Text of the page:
Holland-Dozier-Holland make Walk of Fame
The Motown songwriting/producing team of Holland-Dozier-Holland (comprising Brian Holland, Lamont Dozier and Eddie Holland) were honored Friday morning with a star on the Hollywood Walk of Fame. H-D-H, all products of Detroit schools, were famous for writing and producing hits such as such as "Where Did Our Love Go," "Baby Love" and "Stop In The Name Of Love" for the Supremes; "(Reach Out) I'll Be There," and "Bernadette" for the Four Tops, and many others for The Temptations,Marvin Gaye, Martha & the Vandellas, etc. Others honored this year included chef Bobby Flay, "Harry Potter" actor Daniel Radcliffe and actress Amy Poehler.
Timesman David Carr dies
It's been a rough week for journalism. First Brian Williams of NBC was deposed from the "Nightly News" for six months (but most likely, permanently); CBS' Bob Simon survived reporting in Vietnam and Iraq only to perish in a New York car accident; and on Thursday David Carr, the savvy, highly regarded media columnist for the New York Times, collapsed in the Times' Manhattan newsroom and died at the hospital shortly after.
'Laugh-In''s Owens, 'Big Brother' musician Andrew die
Radio, TV and voiceover performer Gary Owens' death was disclosed Friday. Owens, who is best known as the announcer on NBC's "Rowan & Martin's Laugh-In" in the late '60s and early '70s, died Thursday in Los Angeles. Owens, 80, had been a diabetic since childhood. He also was known for coining the catchphrase "Beautiful downtown Burbank" on his KMPC radio show, it was adopted by Johnny Carson on "The Tonight Show." And Sam Andrew, 74, a founding member of Big Brother and the Holding Company (which Janis Joplin joined later) also died Thursday, in northern California. Andrew suffered from heart problems, and underwent open heart surgery in recent years.
Detroit mini-mansion in 'Fine Art Connoisseur'
Detroit's Freer House, owned by Wayne State University, is the subject of a big article in February's "Fine Art Connoisseur" magazine. Charles Lang Freer's Shingle-style mini-mansion on Ferry Street was designed by Philadelphia architect Wilson Eyre Jr. and built in 1892. The house sits just north of where the Detroit Institute of Arts would rise 35 years later. A millionaire from the railroad-car business, Freer was an early, important collector of Asian art. He was also patron to artist James McNeill Whistler (yes, of "Whistler's Mother" fame), and brought one of Whistler's greatest creations — the paneled "Peacock Room," originally designed for a London shipping magnate — to Detroit, and installed it in his house. Today you'll find the "Peacock Room," along with Freer's vast collection of Asian art, in the Smithsonian Institution's Freer Gallery of Art in Washington, D.C. Detroit's Freer House opens periodically for tours; call (313) 664-2500.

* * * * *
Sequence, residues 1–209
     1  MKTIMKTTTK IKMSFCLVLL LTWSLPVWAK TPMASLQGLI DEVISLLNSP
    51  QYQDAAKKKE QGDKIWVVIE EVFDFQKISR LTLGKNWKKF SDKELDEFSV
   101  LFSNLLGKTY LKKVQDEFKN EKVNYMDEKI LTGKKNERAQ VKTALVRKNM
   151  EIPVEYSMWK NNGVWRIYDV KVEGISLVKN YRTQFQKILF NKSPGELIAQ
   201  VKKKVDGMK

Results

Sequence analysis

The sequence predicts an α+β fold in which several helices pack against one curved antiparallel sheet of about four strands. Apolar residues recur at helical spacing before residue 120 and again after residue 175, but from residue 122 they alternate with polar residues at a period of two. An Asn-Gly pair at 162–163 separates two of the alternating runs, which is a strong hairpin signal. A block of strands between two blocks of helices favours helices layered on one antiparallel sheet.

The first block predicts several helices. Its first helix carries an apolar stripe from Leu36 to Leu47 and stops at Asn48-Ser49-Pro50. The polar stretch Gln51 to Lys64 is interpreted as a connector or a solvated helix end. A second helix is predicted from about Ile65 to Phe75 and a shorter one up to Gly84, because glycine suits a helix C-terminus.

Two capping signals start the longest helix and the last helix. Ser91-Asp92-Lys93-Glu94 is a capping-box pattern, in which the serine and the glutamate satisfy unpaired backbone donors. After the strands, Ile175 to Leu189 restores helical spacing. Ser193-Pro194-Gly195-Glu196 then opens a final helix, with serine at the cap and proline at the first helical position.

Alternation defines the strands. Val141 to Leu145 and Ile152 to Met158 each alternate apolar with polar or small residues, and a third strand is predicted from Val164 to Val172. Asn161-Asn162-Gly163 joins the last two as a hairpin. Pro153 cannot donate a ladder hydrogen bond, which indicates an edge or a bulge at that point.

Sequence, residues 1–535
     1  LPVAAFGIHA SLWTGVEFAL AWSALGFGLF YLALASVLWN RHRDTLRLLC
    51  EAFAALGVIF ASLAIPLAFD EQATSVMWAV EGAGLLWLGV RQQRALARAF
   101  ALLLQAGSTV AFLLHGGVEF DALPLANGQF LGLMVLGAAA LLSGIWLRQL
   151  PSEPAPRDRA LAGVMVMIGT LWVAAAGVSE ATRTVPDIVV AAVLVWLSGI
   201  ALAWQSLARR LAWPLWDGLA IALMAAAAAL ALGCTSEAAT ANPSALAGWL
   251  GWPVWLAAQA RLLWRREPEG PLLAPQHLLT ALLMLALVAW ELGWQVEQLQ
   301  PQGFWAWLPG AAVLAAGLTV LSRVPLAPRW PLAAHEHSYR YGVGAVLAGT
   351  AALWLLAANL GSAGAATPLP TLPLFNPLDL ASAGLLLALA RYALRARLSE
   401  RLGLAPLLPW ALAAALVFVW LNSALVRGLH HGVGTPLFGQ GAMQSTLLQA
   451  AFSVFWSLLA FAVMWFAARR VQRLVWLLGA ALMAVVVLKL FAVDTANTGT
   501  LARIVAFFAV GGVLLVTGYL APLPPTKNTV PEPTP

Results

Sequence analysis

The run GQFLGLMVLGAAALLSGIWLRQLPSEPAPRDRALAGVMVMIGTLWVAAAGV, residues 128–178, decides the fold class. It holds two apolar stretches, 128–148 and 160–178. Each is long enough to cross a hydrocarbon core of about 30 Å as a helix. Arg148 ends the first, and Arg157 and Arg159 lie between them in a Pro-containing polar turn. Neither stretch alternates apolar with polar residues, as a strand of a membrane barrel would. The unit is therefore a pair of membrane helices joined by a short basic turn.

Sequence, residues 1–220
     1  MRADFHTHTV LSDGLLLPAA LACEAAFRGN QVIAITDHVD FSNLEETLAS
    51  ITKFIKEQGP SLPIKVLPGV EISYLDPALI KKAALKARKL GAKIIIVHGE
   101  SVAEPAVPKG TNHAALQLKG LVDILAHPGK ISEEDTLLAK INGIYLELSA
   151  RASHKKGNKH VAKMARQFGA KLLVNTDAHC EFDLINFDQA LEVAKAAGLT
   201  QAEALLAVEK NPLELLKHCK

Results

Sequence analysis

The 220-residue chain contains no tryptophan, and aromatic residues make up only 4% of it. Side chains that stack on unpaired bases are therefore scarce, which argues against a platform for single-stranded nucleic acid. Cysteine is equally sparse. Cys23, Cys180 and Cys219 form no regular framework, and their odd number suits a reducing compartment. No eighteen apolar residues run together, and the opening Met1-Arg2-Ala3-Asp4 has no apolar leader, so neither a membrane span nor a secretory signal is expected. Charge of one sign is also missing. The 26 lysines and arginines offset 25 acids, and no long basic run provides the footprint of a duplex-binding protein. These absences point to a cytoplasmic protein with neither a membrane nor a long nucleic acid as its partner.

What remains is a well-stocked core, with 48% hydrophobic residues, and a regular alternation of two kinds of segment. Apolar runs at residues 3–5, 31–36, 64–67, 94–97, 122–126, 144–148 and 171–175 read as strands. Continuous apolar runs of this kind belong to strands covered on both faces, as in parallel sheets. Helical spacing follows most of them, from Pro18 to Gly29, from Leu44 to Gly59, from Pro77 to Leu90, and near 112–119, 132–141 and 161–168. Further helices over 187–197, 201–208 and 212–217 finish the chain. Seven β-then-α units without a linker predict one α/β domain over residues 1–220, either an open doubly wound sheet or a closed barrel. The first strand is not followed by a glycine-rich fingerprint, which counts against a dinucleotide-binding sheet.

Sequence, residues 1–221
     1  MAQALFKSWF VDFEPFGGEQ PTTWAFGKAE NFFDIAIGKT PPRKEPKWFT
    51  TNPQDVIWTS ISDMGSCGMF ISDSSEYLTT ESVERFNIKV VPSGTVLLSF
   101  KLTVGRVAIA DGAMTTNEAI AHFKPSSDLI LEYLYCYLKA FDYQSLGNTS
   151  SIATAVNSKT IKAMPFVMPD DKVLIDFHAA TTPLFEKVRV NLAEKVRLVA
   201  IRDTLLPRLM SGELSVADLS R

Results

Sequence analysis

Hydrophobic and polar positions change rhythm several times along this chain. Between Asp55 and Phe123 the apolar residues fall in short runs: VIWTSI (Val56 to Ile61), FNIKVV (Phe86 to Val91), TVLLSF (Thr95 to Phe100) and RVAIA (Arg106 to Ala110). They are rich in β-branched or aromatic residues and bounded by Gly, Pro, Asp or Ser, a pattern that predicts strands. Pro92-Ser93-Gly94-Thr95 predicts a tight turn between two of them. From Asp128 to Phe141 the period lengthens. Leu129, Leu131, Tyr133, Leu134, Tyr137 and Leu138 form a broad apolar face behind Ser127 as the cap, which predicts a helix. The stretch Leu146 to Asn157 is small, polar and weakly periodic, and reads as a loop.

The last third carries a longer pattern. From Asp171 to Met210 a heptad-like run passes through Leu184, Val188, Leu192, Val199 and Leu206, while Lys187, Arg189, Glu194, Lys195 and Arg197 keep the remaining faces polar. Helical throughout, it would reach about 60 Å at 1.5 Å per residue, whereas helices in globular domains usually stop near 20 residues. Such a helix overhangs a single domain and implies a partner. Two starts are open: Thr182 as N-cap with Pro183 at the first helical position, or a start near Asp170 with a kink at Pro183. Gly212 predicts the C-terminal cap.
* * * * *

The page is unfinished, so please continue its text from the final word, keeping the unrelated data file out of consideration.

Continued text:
'Detroit Remember When' premiers March 3
Former WXYZ Channel 7 morning news anchor Erik Smith will be hosting a Detroit Public Television WTVS special, "Detroit Remember When: Made in the Motor City," premiering 8 p.m. March 3. The program features many of Detroit's most beloved brands, whether defunct or still going. They deal with food and beverages such as Vernors, but it also goes into radio, music, etc. "I'm voicing some of it in Florida, 1,500 miles away," Smith said from his enviable winter perch in the Keys. "I'm recording the last of it tomorrow. We talk about Vernors, coney islands, radio stations, even younger folks will find some fun with it. And hopefully we can raise a little money for public television." If the interest is there, Smith says there could be more shows focusing on Detroit brands. He'll return to appear on the live segments in early March.
Dearborn's Top Chef
Chef Mei Lin, who's from Dearborn, vanquished Portland-based chef Gregory Gourdet to win the "Top Chef: Boston" finale Wednesday, making her only the third woman to win the competition's top $125,000 prize in 12 seasons. "My parents are definitely going to be really proud of me," Lin told Us Weekly. "Michael Voltaggio (Linn's boss, and Top Chef Season 6 winner) is going to be really proud of me. But most of all I'm really proud of myself and where I am right now. Lin worked at Voltaggio's Ink restaurant in L.A. before "Top Chef," and apparently will return there. Her family still lives in metro Detroit.
Great Michigan Read picks 'Station Eleven'
The Michigan Humanities Council has chosen the book for its 2015-2016 Great Michigan Read: the novel "Station Eleven" by Emily St. John Mandel. The novel, St. John Mandel's fourth, is a dark, futuristic work that has drawn critical praise and made her a finalist for the National Book Award. St. John Mandel was in Ann Arbor Thursday, and told Michigan Radios: "Station Eleven … is about a traveling Shakespearean theater company in a post-apocalyptic North America, which in fact is a post-apocalyptic Michigan, which is why I was so thrilled and honored and happy to have the book be chosen this year." The Council will present events all year relating to the book, and encouraging Michiganians to read.
Michael Hodges and Melody Baetens contributed
Rob Thomas, 43
Meg Tilly, 55
Florence Henderson, 81